[ Cambridge: Astronomical Observatory of Harvard College, 1914]. First edition. This article was published in 1914 but is often misdated because it was later reissued featuring a title-page dated 1916. The article is complete. With two halftone spectrogram plates: “Spectra of Classes P and Q” and “Spectra of Novae.”. Some foxing to front of wrappers at spine and a bit of foxing in the lower corners of the last three pages. A very good, clean copy of a scarce article by a central member of the Harvard Computers and one of the most important figures in the development of modern astronomy. Original wrappers, sewn. Folio. pp. , 20-42. Item #16779
“Spectra Having Bright Lines” records the stellar spectra data that allows astronomers to determine astronomical distances by how analyzing how bright a star appears from Earth. The data is organized according to the Harvard System, a stellar classification scheme that was developed by Annie Jump Cannon (1863 – 1941) and has been the standard for the International Astronomical Union since 1922. Cannon developed her system from previous innovations by fellow Harvard Computers Antonia Maury and Williamina Fleming. Other notable Harvard Computers were astronomers like Florence Cushman and Henrietta Swan Leavitt.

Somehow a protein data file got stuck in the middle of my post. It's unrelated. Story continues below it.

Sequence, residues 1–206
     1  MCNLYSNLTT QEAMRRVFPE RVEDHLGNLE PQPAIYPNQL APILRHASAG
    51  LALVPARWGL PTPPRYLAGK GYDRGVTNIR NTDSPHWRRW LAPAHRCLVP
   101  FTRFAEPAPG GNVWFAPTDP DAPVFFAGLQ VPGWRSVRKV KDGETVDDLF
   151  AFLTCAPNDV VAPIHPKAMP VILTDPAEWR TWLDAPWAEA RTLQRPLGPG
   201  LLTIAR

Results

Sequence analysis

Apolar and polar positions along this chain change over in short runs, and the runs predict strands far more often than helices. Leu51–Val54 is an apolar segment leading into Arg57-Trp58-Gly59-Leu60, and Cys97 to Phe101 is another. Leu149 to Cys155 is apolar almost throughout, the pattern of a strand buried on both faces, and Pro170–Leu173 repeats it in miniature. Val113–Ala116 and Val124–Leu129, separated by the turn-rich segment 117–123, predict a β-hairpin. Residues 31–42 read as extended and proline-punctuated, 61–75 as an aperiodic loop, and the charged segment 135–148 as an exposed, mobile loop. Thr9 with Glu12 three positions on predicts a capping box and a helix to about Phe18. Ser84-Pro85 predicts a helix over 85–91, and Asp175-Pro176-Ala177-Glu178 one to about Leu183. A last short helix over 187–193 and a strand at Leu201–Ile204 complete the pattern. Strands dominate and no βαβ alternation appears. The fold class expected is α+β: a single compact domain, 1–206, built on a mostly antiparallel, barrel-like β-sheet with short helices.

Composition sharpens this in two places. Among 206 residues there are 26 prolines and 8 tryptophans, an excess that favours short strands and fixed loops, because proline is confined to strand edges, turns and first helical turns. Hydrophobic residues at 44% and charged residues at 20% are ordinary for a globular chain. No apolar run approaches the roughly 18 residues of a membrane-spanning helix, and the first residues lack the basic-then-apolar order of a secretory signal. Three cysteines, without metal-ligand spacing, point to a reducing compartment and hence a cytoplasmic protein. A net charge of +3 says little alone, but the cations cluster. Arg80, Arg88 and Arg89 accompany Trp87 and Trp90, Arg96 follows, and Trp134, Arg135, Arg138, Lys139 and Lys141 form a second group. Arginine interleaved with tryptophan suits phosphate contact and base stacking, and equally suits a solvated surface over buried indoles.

During her lifetime, Cannon manually classified about 350,000 stars and discovered five novas, a binary star system, and hundreds of variable stars. One of her most significant classification projects was her Second Catalogue of Variable Stars, which featured 25,000 stars she personally catalogued. She was also a suffragist, a member of the National Women’s Party, and the first woman to receive an honorary doctorate of science from Oxford University.